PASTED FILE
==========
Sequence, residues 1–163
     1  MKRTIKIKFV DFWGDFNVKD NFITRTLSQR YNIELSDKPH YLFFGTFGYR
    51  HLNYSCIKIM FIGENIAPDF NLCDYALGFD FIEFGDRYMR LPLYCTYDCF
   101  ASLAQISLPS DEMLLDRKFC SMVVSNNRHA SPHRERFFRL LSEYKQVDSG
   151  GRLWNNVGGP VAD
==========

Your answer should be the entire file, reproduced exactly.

Sequence, residues 1–163
     1  MKRTIKIKFV DFWGDFNVKD NFITRTLSQR YNIELSDKPH YLFFGTFGYR
    51  HLNYSCIKIM FIGENIAPDF NLCDYALGFD FIEFGDRYMR LPLYCTYDCF
   101  ASLAQISLPS DEMLLDRKFC SMVVSNNRHA SPHRERFFRL LSEYKQVDSG
   151  GRLWNNVGGP VAD